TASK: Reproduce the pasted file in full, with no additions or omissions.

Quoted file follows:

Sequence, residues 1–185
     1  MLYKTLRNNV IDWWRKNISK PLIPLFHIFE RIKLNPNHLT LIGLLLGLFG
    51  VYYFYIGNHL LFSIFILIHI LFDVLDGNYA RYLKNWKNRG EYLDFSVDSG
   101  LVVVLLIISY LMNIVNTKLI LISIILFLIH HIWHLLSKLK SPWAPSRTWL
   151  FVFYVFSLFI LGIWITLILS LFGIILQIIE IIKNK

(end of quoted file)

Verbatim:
Sequence, residues 1–185
     1  MLYKTLRNNV IDWWRKNISK PLIPLFHIFE RIKLNPNHLT LIGLLLGLFG
    51  VYYFYIGNHL LFSIFILIHI LFDVLDGNYA RYLKNWKNRG EYLDFSVDSG
   101  LVVVLLIISY LMNIVNTKLI LISIILFLIH HIWHLLSKLK SPWAPSRTWL
   151  FVFYVFSLFI LGIWITLILS LFGIILQIIE IIKNK